Such orders are apparently causing consternation among some. New Yorkers who planned to keep working remotely through the summer from places outside the city (with conveniently located beaches) reportedly hate changing plans. Others may too. Los Angeles-based writer Tracy Moore likely speaks for many office workers facing potential returns to commutes, team-building exercises, and wearing “hard pants” once again, declaring: “I would prefer not to.”

Some CEOs aren’t ready to order their employees back to the office, not yet and — perhaps for some — not ever (at least full time). Of 100 executives Fortune recently surveyed, only 10 percent said they expect their office workers to spend 80 percent of their time in the office. At the same time, 80 percent of executives said they expect hybrid work to continue; however, a working definition of “hybrid” is somewhat fluid — anywhere from 1 to 4 days (out of a 5-day workweek) in the office.

That could be tough news for big city mayors who are clearly ready to kick start downtown economies after a brutal blow to spending on lunches, coffees, bar tabs, and taxis, which help drive the engine of urban economies. It will take time to see the long-term effects, and much will depend on creative ideas to capture the new normal. For instance, offices and hotels — some of the earlier areas of Covid-19 collateral damage — could see a second life in the form of apartment buildings. Right now, it seems likely that they should be designed for working from home.

While the US debates reopening, the IMF delivered a reminder on Friday that much of the rest of the world is still fighting the global pandemic. At a meeting of global health ministers, chaired by G20 host Italy, the Fund announced a $50 billion proposal to end the pandemic. The plan calls for vaccinating at least 40 percent of the population in all countries by the end of the year and at least 60 percent of the world’s people by the first half of 2022. To get there, rich countries, and the development institutions that they largely control, must dig much deeper into their pockets. That effort would pay off.

The prospect of halting a disease that has taken the lives of more than 3.5 million people around the world may seem worth just about any price. But $50 billion would clearly end up being a bargain. The IMF estimates that ending the pandemic would deliver the equivalent of $9 trillion into the global economy by 2025. With vaccination rates across Africa still in the single digits, global leadership will be critical, and the Bretton Woods institution traditionally designed to focus on balance of payments and fiscal policies is stepping into the void.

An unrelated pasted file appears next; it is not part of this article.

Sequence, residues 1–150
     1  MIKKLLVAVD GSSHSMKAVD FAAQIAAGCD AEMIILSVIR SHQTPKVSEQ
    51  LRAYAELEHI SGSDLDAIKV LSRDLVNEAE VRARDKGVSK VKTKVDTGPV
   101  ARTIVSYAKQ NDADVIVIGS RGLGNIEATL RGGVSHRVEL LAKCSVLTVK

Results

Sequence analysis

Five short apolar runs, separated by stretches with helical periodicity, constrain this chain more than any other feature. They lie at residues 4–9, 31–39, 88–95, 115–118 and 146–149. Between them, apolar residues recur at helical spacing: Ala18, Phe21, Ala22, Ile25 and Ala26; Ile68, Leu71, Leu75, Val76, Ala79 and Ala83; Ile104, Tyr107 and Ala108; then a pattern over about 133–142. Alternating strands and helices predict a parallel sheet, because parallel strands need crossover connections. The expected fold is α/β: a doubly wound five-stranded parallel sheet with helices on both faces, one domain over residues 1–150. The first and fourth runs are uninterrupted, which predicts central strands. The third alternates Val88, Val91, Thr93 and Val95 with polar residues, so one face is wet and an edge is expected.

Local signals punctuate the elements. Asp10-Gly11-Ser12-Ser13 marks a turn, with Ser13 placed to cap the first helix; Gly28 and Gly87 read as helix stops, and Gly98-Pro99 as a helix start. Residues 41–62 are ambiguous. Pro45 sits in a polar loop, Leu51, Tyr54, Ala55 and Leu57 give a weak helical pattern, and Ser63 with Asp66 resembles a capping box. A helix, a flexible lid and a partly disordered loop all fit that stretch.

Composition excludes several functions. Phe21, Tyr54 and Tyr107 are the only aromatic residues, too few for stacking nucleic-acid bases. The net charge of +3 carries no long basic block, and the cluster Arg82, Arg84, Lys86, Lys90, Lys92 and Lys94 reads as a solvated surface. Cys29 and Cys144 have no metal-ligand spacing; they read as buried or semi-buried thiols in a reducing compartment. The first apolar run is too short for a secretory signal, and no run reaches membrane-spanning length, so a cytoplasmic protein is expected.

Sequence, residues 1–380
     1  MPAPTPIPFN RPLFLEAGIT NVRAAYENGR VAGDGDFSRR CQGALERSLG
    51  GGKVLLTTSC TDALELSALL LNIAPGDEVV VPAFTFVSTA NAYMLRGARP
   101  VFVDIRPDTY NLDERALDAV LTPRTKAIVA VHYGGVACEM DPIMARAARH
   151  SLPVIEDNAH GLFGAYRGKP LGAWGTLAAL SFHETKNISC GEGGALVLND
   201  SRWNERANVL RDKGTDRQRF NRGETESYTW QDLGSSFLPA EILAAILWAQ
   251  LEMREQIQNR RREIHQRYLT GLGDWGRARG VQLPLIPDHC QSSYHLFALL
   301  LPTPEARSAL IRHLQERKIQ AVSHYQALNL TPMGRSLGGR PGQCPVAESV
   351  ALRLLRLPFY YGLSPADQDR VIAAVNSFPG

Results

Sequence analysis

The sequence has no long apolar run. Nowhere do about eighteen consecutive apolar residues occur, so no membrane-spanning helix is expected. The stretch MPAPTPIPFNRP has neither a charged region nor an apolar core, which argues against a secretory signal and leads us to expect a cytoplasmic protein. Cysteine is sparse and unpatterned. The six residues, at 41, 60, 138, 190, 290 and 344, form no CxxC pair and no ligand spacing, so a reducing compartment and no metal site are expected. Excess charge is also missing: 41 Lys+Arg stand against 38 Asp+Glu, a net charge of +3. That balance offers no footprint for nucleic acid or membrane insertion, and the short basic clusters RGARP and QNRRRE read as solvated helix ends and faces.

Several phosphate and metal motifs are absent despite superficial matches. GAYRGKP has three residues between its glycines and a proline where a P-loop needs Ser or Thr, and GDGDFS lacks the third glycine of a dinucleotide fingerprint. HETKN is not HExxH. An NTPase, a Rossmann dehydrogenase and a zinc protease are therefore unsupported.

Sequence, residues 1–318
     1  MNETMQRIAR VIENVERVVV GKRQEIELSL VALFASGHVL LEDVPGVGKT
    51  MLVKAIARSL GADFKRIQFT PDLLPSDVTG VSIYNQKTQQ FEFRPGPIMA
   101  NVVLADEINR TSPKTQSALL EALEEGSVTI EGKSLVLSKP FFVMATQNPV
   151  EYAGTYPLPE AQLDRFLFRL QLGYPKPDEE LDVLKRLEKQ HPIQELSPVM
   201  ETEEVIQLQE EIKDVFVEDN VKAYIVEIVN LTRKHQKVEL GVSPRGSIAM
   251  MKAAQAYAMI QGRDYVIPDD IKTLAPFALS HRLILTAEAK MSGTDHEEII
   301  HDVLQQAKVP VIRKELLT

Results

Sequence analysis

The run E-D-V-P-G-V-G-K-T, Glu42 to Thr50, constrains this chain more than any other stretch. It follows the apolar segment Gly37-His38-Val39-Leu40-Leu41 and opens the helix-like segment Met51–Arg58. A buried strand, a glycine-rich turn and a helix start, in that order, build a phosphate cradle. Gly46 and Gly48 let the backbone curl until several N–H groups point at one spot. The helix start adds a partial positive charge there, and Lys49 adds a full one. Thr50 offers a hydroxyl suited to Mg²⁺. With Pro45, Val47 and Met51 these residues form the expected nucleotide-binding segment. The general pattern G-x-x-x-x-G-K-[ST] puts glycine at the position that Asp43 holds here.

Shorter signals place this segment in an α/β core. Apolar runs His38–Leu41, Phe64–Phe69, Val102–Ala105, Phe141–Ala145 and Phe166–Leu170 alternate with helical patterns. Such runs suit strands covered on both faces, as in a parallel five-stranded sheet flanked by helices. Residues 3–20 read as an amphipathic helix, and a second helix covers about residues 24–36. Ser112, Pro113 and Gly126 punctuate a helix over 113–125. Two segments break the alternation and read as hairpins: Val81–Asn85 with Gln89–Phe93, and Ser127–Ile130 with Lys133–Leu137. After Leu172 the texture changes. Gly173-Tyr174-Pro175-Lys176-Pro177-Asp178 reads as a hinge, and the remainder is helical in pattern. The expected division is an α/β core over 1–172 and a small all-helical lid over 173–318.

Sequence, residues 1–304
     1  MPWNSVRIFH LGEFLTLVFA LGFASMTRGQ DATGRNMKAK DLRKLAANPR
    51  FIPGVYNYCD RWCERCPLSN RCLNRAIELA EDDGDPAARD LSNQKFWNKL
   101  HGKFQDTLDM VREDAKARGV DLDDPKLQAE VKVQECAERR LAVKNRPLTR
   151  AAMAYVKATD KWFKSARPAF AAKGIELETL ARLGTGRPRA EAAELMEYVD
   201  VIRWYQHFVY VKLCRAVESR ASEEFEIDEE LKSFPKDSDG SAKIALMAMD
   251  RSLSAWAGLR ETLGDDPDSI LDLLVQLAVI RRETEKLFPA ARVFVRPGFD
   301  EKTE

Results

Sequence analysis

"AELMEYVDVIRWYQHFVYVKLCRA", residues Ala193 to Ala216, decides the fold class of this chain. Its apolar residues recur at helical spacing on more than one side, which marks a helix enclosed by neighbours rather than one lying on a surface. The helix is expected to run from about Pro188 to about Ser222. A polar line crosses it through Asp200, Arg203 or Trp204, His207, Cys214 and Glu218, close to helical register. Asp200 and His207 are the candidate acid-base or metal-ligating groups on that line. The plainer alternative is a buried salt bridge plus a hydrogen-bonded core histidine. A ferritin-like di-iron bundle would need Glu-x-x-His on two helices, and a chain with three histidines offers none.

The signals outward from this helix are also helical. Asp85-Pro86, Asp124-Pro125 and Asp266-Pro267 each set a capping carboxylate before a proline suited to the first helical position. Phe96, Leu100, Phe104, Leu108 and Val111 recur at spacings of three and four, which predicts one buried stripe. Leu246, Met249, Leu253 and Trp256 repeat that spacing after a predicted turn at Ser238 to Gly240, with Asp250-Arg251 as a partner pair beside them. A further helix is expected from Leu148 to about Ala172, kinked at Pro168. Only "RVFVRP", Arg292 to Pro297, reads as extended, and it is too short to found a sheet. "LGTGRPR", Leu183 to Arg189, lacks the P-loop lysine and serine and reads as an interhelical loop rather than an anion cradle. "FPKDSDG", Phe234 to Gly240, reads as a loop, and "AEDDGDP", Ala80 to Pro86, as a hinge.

Jobs: plentiful or still scarce?

Last week’s unemployment claims showed that while many Americans are still losing their jobs, the pandemic toll is easing. New claims declined to 440,000 in the week ended May 15, from 478,000 the week before. While this is a pandemic low, it is still above the worst weeks of the Global Financial Crisis. Last week, we talked about puzzling economic signals — on both employment and inflation. On jobs, two opposite views emerged on what the low April payroll numbers signified. On the one hand, a still depressed economy, with Covid-19 related difficulties in returning to work. Alternatively, excessively generous unemployment benefits that held many Americans back from looking for work. Models didn’t help. An experiment is now going on that may clarify things, albeit at the cost of putting some individuals and families in a more precarious economic position. Republican governors in Texas, Indiana and Oklahoma last week announced that they would join others in ending early the temporary unemployment benefits from the American Rescue Plan that were due to expire in September. There are now 22 states where governors, believing in the second argument, hope to boost local employment and payrolls by halting the federal programs paying for an additional $300 in temporary benefits for those eligible for state unemployment and extending benefits to gig workers and others traditionally ineligible.

The shift will make it harder to interpret the weekly figures for unemployment claims. But it will also allow a real-time examination of the impact of the federal program on labor supply.
RockCreek Update
On this forthcoming Memorial Day, we remember and thank all those who have served and continue to serve our country.

Team RockCreek